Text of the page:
While feminist movement studies often generalize about the collapse of the organized women’s movement after suffrage victories in the early 20th century, Lonsdale argues the movement didn’t collapse but transformed. “[T]he movement simply altered its cellular chemistry, as it were, and the fight was joined not just by large, single-issue organisations but by thousands of smaller groups and individual women enacting multiple assaults upon the fortress of the masculine public sphere, often in intensely private and personal ways,” she writes.
Facing a backlash from the male sphere following the suffrage movement, women started pushing for change in new ways, keeping a culture of resistance alive in the process. Their methods encompassed direct action, intellectual activism (writing, journalism, lawsuits), as well as acts of everyday resistance like studying engineering, climbing mountains, or becoming a freelancer in order to cover conflicts abroad. By deploying a biographical approach to these women’s lives, Lonsdale not only helps to recover them as fascinating, vibrant individuals; she also makes the book an accessible, gripping read.
Rebel Women Between the Wars is an accessible academic study and a compelling read, but perhaps most importantly it offers a ray of hope at a time when women are still grappling with many of the same challenges that characterized the interwar period a century ago: the rise of fascism, male backlash, bigotry and organized hate movements.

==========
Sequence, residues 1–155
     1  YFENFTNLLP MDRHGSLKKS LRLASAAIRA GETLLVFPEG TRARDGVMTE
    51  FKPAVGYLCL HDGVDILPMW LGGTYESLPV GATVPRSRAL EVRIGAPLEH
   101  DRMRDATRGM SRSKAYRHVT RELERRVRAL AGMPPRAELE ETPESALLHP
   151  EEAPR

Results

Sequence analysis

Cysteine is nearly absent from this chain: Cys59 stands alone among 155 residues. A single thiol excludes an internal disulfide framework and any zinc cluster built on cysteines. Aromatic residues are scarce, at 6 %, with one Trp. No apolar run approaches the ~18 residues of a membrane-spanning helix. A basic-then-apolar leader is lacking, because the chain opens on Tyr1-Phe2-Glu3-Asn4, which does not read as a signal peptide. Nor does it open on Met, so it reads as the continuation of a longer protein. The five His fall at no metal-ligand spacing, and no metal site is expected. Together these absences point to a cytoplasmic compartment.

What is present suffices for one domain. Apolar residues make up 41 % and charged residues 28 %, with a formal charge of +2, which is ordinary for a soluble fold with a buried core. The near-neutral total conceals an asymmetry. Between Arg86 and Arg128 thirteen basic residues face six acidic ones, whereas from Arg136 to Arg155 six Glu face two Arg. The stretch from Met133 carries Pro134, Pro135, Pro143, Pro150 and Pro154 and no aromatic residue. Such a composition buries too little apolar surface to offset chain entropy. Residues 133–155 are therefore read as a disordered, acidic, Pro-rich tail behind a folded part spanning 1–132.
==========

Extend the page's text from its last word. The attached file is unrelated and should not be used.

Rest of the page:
There are interesting parallels here with queer struggles. Much as feminist activists lamented the fragmentation of the suffrage movement after winning their goals in the early 20th century, some queer activists today lament the lack of a large organized rights movement akin to that which won the struggle for equal marriage in the early twenty-first; especially at a time when there is a profound backlash against queer and trans rights.
Yet the proliferation of smaller activist groups, fighting for trans rights and against the wave of homophobic legislation gripping many parts of the world, reminds us that the struggle continues even while its form changes. These individual women and their close-knit personal and professional networks continued to change the world a century ago even without a structured movement, and their contemporary counterparts will no doubt continue to do so today, often in ways that are indiscernible until they are reflected on decades later.